foam rolling is AWESOME. i highly recommend and its cheap (20-30 bucks for a foam roller from dicks. get a pvc pipe but its gonna hurt. bad.) look into yoga, its tough stuff. its very low impact and will leave you extremely sore. in your case, you dont need strength you need increase range of motion/flexibility to decrease those concentrated areas of pain.

Boobs McGee
07-30-2009, 08:37 PM
don't know how high up off the ground your bed is, BUT, you can try this.

Lay stomach down on your bed, with your waist on the edge. So imagine you're basically forming an L with your body, with your legs on the bed and your waist the hinge, then your stomach chest and face against the front of your bed.

Does that kinda make sense?

Have your wife hold your legs (either by putting her legs on yours, sitting on them, or just using her hands to hold them down), then work on slowly raising yourself up to a completely horizontal position. Go slow :thumbs:

broncosteven
07-30-2009, 08:37 PM
foam rolling is AWESOME. i highly recommend and its cheap (20-30 bucks for a foam roller from *****. get a pvc pipe but its gonna hurt. bad.) look into yoga, its tough stuff. its very low impact and will leave you extremely sore. in your case, you dont need strength you need increase range of motion/flexibility to decrease those concentrated areas of pain.

Thanks for the info.

I have an email out to a old acquaintance who was big into Yoga around here. I figured I would have to get private lessons as I would hold up a class bitching an moaning.

I was googling but it is hard to find out what actually worked for others that way.

Boobs McGee
07-30-2009, 08:38 PM
and p.s. the foam rolling is awesome, doctor had me using a yoga ball for the rolling stretches as well though. And you can do a LOT of excersises with the ball

broncosteven
07-30-2009, 08:41 PM
don't know how high up off the ground your bed is, BUT, you can try this.

Lay stomach down on your bed, with your waist on the edge. So imagine you're basically forming an L with your body, with your legs on the bed and your waist the hinge, then your stomach chest and face against the front of your bed.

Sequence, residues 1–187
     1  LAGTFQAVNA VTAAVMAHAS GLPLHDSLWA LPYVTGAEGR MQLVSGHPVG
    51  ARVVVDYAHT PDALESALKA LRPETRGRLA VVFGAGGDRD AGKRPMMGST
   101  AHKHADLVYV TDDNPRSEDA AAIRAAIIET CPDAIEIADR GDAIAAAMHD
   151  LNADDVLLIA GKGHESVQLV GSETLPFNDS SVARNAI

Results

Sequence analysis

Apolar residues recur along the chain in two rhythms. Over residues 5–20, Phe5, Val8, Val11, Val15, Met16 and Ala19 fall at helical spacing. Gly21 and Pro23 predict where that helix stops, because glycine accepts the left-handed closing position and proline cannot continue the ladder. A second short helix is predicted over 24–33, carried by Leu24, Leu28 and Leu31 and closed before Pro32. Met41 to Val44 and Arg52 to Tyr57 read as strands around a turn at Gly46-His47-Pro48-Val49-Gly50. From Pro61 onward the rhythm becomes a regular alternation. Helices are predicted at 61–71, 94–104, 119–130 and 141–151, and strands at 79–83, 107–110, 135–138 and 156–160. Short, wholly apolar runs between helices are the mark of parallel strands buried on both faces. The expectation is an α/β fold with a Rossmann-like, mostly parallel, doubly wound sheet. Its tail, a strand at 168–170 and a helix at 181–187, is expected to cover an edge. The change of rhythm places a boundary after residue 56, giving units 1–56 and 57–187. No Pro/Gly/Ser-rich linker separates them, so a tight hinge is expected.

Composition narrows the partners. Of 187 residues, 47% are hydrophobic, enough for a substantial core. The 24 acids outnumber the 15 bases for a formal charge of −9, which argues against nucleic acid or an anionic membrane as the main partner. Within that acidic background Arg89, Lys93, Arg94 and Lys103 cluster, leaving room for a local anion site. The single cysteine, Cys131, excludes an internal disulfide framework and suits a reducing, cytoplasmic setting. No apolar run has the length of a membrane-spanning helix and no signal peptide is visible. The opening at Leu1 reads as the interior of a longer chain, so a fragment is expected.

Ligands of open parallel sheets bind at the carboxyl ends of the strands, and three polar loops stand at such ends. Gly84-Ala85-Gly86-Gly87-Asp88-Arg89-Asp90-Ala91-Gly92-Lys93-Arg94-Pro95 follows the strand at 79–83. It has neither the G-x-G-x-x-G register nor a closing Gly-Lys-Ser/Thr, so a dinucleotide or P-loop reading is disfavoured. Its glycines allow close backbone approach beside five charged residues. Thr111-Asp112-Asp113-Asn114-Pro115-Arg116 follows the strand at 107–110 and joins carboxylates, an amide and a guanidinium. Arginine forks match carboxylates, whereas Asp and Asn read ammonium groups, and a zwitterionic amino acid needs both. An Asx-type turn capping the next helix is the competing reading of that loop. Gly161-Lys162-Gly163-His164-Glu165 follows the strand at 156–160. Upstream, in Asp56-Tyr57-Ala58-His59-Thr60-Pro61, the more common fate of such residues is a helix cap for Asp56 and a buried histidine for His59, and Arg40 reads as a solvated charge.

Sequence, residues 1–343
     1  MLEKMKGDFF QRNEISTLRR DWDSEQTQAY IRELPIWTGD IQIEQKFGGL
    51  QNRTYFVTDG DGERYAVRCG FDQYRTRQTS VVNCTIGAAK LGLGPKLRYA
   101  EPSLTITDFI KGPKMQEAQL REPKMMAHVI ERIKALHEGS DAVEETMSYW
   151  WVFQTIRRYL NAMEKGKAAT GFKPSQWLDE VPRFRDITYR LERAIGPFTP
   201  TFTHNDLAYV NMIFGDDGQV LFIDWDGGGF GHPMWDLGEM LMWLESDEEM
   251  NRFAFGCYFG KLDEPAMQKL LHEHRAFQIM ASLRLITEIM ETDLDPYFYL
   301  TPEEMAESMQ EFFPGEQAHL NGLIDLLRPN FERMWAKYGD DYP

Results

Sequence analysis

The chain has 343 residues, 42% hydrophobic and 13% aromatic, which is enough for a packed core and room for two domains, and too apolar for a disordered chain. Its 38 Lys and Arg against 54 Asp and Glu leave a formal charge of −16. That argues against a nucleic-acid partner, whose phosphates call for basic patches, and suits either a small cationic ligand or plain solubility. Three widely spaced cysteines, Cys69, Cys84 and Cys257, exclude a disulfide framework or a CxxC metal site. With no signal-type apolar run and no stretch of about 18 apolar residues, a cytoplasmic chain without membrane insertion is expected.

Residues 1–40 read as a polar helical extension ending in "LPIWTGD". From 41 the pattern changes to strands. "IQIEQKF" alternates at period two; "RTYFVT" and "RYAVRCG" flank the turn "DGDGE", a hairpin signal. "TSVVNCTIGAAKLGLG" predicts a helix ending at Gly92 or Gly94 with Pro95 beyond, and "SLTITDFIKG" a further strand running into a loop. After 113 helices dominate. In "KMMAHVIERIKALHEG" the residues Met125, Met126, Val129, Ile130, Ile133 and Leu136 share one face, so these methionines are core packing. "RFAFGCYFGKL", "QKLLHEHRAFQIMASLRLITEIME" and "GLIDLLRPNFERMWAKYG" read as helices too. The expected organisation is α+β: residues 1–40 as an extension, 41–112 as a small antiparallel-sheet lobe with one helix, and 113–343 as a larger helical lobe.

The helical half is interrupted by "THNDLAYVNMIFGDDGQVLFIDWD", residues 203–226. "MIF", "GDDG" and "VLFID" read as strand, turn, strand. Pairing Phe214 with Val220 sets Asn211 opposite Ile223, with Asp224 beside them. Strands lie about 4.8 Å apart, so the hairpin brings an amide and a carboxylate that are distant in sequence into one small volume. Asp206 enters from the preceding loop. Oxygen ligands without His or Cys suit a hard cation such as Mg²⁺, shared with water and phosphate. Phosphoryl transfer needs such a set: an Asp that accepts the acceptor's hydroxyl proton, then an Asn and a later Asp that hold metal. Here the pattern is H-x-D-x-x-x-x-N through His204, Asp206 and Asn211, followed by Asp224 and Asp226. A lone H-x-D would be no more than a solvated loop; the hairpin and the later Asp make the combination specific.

Does that kinda make sense?

Have your wife hold your legs (either by putting her legs on yours, sitting on them, or just using her hands to hold them down), then work on slowly raising yourself up to a completely horizontal position. Go slow :thumbs:

Excellent!

It is pretty highup.

I am having the most trouble twisting or raising my upper body up while on my side, moving pillows at night or turning off alarm in the morning.

Thanks I will give that a try.

Mr. Elway
07-30-2009, 09:03 PM
If I were you I would find a good doctor who can help you form a plan. Don't get me wrong - foam rollers and exercise balls and yoga and all of that stuff are great - but if you don't know what your condition is you could easily make it worse with any one of those activities. First step is to find out what is wrong, then figure out what your options are. A little PT for some tight muscles might be all you need, then again you could have something more serious.

broncosteven
07-30-2009, 09:08 PM
If I were you I would find a good doctor who can help you form a plan. Don't get me wrong - foam rollers and exercise balls and yoga and all of that stuff are great - but if you don't know what your condition is you could easily make it worse with any one of those activities. First step is to find out what is wrong, then figure out what your options are. A little PT for some tight muscles might be all you need, then again you could have something more serious.

I am bouncing between Ortho(multiple)/Primary Care/PT/etc.. docs & therapists.

I am frustrated and looking for more options, feel like they are trying to milk out the $ from insurance at the same time I feel I am limited by my insurance.